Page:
Carolina Faxe

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Once you’ve made the decision to implement training in your organisation, you need to choose the right training model. This can be challenging, as there are many factors to consider. You need to define learning goals, your target audience, what resources you have (time, budget, and expertise) and how flexible you need to be – among other things. Other questions are bound to crop along the way! 

You also need to keep in mind that every training programme has different goals, and that it may be necessary to adapt or change the training model to suit your specific needs.

Here are some key considerations to help you choose a training model for your e-learning endeavours that matches your purpose and goals.

  1. Learning goals

Whichever training model you choose, you need to be sure it meets the learning goals you have set. For example, if you want to encourage critical thinking and problem solving, it might be a good idea to choose an investigative training model rather than traditional lectures. This is a question of activeversus passive learning.

E-learning gives you lots of opportunities to combine passive and active learning. You can provide theoretical training using media such as video, podcasts, and text. You can get participants to apply their new knowledge in practice by using interactive toos. By combining theoretical and practical approaches, you close the gap between passive knowledge acquisition and active application of that knowledge.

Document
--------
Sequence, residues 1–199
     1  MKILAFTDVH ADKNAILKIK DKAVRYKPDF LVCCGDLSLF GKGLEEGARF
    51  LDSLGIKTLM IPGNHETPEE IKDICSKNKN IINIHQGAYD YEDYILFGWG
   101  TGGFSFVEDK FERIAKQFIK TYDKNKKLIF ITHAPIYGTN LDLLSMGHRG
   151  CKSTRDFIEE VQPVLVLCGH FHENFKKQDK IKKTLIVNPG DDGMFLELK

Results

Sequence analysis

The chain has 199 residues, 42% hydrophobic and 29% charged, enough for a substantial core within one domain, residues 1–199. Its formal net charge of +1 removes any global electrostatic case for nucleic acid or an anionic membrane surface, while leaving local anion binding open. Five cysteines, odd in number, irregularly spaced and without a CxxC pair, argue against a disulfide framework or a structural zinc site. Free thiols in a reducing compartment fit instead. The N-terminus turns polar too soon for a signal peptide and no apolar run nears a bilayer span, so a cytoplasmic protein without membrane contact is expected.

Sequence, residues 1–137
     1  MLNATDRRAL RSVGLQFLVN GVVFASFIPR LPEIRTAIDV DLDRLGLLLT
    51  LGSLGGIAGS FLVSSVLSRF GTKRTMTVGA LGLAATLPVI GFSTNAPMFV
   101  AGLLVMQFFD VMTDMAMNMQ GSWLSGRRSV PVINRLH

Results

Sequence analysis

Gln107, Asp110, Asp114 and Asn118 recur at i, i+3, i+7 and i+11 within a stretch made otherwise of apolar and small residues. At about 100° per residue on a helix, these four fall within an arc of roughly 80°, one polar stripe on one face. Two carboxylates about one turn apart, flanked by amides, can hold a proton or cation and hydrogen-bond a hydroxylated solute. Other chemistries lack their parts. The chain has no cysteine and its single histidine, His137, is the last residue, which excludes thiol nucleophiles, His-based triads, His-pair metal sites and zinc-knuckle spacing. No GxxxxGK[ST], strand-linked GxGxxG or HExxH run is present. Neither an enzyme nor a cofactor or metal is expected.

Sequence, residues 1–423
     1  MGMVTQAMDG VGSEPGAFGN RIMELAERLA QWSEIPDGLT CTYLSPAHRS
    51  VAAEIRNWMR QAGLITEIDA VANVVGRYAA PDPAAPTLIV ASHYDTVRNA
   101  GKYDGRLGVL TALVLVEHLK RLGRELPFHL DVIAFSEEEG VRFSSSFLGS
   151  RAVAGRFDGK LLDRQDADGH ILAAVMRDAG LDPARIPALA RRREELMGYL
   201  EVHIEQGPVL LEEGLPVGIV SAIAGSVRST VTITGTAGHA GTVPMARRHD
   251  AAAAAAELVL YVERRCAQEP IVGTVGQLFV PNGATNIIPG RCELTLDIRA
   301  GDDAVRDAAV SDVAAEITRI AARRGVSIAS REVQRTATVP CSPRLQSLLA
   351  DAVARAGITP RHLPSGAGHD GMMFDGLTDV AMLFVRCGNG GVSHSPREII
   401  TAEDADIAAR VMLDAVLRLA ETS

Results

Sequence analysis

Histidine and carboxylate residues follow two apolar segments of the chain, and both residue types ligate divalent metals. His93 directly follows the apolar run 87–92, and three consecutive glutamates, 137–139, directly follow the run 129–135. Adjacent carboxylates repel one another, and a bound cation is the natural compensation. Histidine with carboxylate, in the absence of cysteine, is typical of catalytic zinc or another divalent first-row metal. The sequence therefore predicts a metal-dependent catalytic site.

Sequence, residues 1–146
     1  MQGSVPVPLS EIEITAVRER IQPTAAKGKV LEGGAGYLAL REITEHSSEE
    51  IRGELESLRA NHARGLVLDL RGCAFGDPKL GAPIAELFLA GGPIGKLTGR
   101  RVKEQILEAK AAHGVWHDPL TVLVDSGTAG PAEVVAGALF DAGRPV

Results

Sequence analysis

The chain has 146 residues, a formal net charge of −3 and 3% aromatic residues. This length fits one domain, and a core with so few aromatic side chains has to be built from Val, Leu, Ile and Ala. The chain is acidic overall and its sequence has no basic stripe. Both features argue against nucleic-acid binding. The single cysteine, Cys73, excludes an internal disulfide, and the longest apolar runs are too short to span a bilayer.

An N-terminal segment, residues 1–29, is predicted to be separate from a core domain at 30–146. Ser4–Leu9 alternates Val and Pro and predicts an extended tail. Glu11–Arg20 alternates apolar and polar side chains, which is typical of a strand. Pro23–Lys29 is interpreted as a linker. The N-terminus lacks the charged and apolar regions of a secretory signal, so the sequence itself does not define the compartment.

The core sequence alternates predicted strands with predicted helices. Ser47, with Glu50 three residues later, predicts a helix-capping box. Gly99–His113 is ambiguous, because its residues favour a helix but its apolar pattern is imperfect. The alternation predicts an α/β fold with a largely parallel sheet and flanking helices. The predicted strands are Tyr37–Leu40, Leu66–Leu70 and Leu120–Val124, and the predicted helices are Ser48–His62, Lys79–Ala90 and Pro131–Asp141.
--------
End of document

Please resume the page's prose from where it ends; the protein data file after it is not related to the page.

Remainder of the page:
2. Target audience

Think about the needs and circumstances of your target audience. The type of training model that is most suitable can vary greatly depending on whether you want to target the whole organisation or specific teams.

A learning management system – or LMS – lets you easily organise training initatives for specific groups, proficiency levels, or knowledge requirements. It’s ideal for onboarding new employees, creating instruction modules for learning about new software or products, or to inform about your organisation’s Code of Conduct.

Some of our customers have developed instructional product trainings, which they then offer their customers. This is a very welcome and effective alternative to the traditional instruction manual.

  1. Resources

Think about what resources are available to you. For example, if you choose to go with e-learning, you will need a learning management system (LMS) or equivalent, and an authoring tool to create your courses. You also need to decide if you want to include videos, audio or illustrations – and budget for this. TicTac can supply you with both an LMS and authoring tools. If you would like help with planning the entire learning journey and developing e-learning modules, we can do that too.

  1. Flexibility

Choose a model that is flexible and can meet your needs both now and in the future. Many of our customers choose to start with organisation-wide training, such as an onboarding, or a course on GDPR or sustainability. There is a long-term need for this type of training, and it can be updated easily as needed.

Look at your organisation as a whole! Work out your learning goals – and what type of courses you need to achieve them!

By deciding on your learning goals, target audience, resources, and flexibility, you will have a solid foundation to build on. As with everything else, preparation is important. It will be much easier (and more satisfying!) to develop training for your organisation if you know exactly what you need. At TicTac, we have the resources, knowledge, and technology to help you all the way, or just to get started.

Good luck and #Neverstoplearning!

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